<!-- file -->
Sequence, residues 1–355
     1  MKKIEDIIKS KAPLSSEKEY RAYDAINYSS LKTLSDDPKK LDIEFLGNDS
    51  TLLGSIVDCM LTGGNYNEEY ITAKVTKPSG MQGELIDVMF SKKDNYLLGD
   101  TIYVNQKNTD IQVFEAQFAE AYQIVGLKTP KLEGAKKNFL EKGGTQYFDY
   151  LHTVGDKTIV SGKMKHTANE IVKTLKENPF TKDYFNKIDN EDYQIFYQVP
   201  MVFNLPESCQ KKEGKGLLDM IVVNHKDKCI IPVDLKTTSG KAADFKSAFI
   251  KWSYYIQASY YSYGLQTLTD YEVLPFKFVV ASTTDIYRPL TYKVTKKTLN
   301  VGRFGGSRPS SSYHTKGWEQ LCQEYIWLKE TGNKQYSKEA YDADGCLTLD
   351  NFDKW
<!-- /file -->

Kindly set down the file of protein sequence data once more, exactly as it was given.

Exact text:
Sequence, residues 1–355
     1  MKKIEDIIKS KAPLSSEKEY RAYDAINYSS LKTLSDDPKK LDIEFLGNDS
    51  TLLGSIVDCM LTGGNYNEEY ITAKVTKPSG MQGELIDVMF SKKDNYLLGD
   101  TIYVNQKNTD IQVFEAQFAE AYQIVGLKTP KLEGAKKNFL EKGGTQYFDY
   151  LHTVGDKTIV SGKMKHTANE IVKTLKENPF TKDYFNKIDN EDYQIFYQVP
   201  MVFNLPESCQ KKEGKGLLDM IVVNHKDKCI IPVDLKTTSG KAADFKSAFI
   251  KWSYYIQASY YSYGLQTLTD YEVLPFKFVV ASTTDIYRPL TYKVTKKTLN
   301  VGRFGGSRPS SSYHTKGWEQ LCQEYIWLKE TGNKQYSKEA YDADGCLTLD
   351  NFDKW